“Especially with AI, there are many areas where you can innovate, but there are certain things you would never want AI to do. You wouldn’t want AI to help you choose a house or give you financial advice – it’s important to protect the elements of member-business relationships where there is an emotional connection involved.

“Community connection is what credit unions are all about, it’s the one major difference between us and banks – the concept of being a member as opposed to a member. Being a member means you belong to something, and belongingness is what creates a strong community.”

Streelman is committed to these values, as he hopes to leverage technology to nurture relational member experiences rather than transactional ones. 

He adds: “Having those branches – even if people would prefer to use a digital option – is vital. It’s a sense of knowing that, as a member, you can pick up the phone any time and talk to a real live human being, or go into a branch and talk face-to-face.”

REV: Boosting community connection with financial literacy

Building community connections is at the heart of everything REV does, it is even accredited for its work by being a registered community development financial institution (CDFI). 

“We are dedicated to serving the unbanked and underbanked. We try to fulfil this mission by completing a lot of philanthropy work in our communities. We have an annual REV day, which saw over 1,200 volunteer hours in just a single 24 hours. 

“It’s about relationships, not just branding. We’re not just out there trying to get noticed. We're out there because we truly believe that a stronger REV makes a stronger community, and a stronger community will benefit REV.”

For Streelman, the key to building a stronger community – and a stronger REV – is building financial literacy skills in the areas the credit union serves. 

“One of the things we do at REV that I love is run branches inside high schools – branches that are student-led and student-employed. Students get to be REV employees, and they also have the chance to learn a lot about financial literacy while getting paid for doing it.”

A niche, possibly unheard-of innovation, REV’s work in local schools is helping the next generation learn how not only finance works, but also how the institutions upholding it operate.

Promoting financial literacy, much like REV’s philanthropic efforts, is no mere PR stunt. The credit union recently hosted the former Chair of the NCUA board of directors, Rodney Hood, who called financial illiteracy ‘the civil rights issue of our time.’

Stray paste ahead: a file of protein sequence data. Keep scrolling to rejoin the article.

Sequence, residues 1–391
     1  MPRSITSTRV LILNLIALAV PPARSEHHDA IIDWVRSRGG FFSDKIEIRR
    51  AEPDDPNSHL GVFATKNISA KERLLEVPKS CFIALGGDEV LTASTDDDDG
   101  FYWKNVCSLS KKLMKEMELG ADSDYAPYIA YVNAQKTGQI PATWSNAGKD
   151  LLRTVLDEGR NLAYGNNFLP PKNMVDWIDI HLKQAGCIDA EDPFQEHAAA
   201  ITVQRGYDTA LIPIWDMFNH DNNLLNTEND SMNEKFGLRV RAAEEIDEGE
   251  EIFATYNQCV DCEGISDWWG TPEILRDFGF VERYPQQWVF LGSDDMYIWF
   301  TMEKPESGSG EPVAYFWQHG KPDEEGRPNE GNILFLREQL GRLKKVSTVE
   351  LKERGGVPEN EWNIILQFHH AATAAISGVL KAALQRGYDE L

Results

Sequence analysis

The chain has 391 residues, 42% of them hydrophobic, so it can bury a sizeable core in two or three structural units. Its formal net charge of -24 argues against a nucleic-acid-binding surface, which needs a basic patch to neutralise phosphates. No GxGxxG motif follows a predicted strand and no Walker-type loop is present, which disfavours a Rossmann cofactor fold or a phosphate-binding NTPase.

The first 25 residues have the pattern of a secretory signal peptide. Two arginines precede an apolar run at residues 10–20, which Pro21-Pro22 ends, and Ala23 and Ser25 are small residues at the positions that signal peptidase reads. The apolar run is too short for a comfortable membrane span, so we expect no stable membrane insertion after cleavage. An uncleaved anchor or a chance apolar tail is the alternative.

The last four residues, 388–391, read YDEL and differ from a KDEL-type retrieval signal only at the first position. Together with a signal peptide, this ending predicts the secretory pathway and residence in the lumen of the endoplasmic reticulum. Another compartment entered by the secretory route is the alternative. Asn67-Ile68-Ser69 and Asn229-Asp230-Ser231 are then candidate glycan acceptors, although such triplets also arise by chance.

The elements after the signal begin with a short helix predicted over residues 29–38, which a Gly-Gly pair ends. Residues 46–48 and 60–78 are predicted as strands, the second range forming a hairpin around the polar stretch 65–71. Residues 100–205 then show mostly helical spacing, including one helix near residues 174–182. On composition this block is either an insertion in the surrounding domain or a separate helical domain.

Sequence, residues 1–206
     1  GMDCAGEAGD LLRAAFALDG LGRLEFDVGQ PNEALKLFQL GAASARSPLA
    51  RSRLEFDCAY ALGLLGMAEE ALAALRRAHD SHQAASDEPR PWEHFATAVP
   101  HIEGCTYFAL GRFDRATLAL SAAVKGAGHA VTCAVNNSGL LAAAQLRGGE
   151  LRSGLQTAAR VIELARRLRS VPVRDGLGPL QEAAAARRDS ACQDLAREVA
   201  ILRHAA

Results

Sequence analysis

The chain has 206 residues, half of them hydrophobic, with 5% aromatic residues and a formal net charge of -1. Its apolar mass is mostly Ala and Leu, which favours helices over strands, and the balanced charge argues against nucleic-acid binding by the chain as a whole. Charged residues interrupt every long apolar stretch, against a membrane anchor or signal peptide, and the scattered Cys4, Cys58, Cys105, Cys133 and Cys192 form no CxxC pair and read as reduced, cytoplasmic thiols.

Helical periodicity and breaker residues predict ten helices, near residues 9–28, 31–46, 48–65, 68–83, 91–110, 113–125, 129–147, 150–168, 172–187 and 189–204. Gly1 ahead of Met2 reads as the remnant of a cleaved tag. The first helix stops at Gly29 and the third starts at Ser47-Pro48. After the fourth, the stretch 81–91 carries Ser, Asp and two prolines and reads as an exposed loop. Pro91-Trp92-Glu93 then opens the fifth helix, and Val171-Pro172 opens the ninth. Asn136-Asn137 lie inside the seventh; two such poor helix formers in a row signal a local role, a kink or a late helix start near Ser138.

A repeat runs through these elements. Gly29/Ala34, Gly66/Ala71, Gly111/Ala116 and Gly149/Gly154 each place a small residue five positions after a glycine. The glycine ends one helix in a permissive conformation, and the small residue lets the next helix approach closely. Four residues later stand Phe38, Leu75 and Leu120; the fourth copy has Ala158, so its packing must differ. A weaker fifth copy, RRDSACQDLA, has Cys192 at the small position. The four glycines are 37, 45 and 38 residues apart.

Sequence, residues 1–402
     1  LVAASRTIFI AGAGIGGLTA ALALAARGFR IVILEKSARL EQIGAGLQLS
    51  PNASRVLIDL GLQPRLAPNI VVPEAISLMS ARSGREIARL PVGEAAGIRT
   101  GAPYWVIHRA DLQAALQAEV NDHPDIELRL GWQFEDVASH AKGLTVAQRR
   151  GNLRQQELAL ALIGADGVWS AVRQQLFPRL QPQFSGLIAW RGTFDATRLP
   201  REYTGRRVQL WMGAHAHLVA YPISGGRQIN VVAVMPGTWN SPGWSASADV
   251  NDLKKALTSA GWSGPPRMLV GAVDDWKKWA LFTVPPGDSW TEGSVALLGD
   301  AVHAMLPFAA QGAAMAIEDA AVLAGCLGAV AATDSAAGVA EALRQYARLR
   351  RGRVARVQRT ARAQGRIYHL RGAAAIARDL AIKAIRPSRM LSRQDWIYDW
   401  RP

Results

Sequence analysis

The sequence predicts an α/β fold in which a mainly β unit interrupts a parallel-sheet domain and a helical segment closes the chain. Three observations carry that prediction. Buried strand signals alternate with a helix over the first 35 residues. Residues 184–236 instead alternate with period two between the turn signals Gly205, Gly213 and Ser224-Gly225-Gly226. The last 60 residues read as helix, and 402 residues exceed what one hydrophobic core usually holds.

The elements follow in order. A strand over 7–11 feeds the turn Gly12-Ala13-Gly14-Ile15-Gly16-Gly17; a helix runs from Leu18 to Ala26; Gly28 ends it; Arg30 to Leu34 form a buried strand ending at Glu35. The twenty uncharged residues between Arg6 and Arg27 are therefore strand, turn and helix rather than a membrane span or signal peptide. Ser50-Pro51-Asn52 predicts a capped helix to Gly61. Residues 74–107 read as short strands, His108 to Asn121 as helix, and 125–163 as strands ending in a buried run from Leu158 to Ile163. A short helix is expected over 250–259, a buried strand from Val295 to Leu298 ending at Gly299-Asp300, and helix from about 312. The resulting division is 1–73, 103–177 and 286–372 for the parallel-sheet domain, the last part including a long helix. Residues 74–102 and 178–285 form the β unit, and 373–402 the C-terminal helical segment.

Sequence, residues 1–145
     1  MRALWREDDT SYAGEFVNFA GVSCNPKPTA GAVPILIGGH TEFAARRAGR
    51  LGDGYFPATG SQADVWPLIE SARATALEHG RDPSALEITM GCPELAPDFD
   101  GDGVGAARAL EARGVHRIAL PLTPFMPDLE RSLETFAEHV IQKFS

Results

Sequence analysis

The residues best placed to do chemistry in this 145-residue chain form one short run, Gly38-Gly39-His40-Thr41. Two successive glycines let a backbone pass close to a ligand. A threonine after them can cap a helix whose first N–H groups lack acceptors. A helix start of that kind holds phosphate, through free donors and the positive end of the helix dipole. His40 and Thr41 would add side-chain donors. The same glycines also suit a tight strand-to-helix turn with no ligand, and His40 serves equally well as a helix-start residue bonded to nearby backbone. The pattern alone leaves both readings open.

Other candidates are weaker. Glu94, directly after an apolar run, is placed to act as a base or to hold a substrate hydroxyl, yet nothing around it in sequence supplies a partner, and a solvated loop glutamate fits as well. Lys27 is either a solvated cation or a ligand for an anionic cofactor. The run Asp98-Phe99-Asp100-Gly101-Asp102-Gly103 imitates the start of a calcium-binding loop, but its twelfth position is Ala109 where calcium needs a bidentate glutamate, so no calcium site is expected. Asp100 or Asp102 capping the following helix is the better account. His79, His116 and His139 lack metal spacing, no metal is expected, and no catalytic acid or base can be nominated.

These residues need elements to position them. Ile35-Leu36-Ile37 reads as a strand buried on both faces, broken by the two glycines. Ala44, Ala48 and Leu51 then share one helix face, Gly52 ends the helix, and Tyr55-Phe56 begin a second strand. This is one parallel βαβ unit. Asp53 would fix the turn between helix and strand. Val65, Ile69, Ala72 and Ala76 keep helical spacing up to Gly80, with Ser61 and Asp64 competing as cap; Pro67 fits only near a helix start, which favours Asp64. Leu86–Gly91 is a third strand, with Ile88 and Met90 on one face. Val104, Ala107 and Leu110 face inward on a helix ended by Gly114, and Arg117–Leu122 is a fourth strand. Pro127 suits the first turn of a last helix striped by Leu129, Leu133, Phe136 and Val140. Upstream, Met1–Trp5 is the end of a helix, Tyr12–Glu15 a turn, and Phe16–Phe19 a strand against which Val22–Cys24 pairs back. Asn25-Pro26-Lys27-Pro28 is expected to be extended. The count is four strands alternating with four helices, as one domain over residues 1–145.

This is something Streelman agrees with wholeheartedly, because “as representatives of a credit union, REV bears the responsibility to provide the tools and education necessary for financial literacy”. 

“But we also can't just say that,” adds Streelman, “we have to be active champions of it. That's what being in the community means.

“Being in the community doesn't mean you have a building on the corner. Being in the community means you're actively going out and helping people.”

REV: Leveraging tech to reach the underserved

How, then, can technology be leveraged to better enforce the connection between credit unions and the wider community? 

For Streelman, it’s about meeting members’ expectations, expectations driven by the experiences consumers have in other digital engagements.

“If a member can go on Amazon and order something in 30 seconds for the next day, then they better be able to expect the same speed at their bank too.

“At REV, we’re in the middle of a digital banking conversion, as we move onto a new platform provided by our digital partner Alkami. The platform will allow us to present tools to our members, through its open SDK and API environment. 

“We now employ a development team, a crew of software engineers that will be able to write code on that open API. We've incorporated things in there like savings goals. 

“So if a member is saving for a new car, they can allocate the money and it will tell you how you're tracking toward your goal in real-time, offering you alerts to help you achieve your goal.”

It’s an accumulation of what Streelman calls “small things”, like a robust alert system, that builds a broader digital member service offering to not only enhance the member experience but also educate members on the financial options available to them.

He adds: “So much of the financial landscape right now is shrouded in dismay. People are despairing about their finances, but it doesn't have to be that way. If we can be a shining light in our community to try to change that narrative, then I'm all for it.”

REV: A digital service built on partnerships

Alkami is not the only partner helping deliver small changes for a big effect at REV Federal Credit Union. The fintech Glia is enabling REV “to do things it could never do before”, according to Streelman. 

“With Glia, we can chat with our members, send texts and engage with them in a new way. It is another pretty small thing if you think about it. 

“But from our members' perspective, that's a huge win because now they have another avenue to talk to a person. It’s another avenue for them to know that they matter. Members want to know that their voice is heard.

“These little things, small transformational moments; they're not massive shifts in strategy or direction, but at the end of a thousand small shifts we find ourselves facing a whole new direction. 

“Our fintech partnerships allow us to face this new direction, and it’s important to nurture these partnerships because consumer expectations are always evolving, and we need to evolve alongside them.”

REV: A digital future

REV, then, as part of an ecosystem of partners is looking to the future. “We live life looking through the windshield, not the rearview mirror,” notes Streelman. 

“Don’t get me wrong, it’s really important to have a rearview mirror because you have to know what's behind you, you have to know where you came from. 

“But if you tried to drive your car that way, it'd be a disaster – the windshield's way bigger and clearer for a reason! So let's go forward.”

Forward is the direction REV is headed. “The next months will see us start to streamline our existing processes, particularly around automation,” Streelman says.

“There's a tool that we're looking at right now called OpenBots, which is an AI, ChatGPT-driven solution for analysis and process automation.

“I expect these types of solutions to come to the fore even more in the coming years, and we’ll be there to make the best use of them. 

“But, of course, the future isn’t just about AI, it's also about looking strategically at what our data accuracy levels are, improving our trending and predictive analytics, and growing our development capabilities.

“That’s the future of REV, and I’m very much looking forward to seeing it come to fruition.”

REV Federal Credit Union transaction card
REV Federal Credit Union transaction card
Team at REV Federal Credit Union
Team at REV Federal Credit Union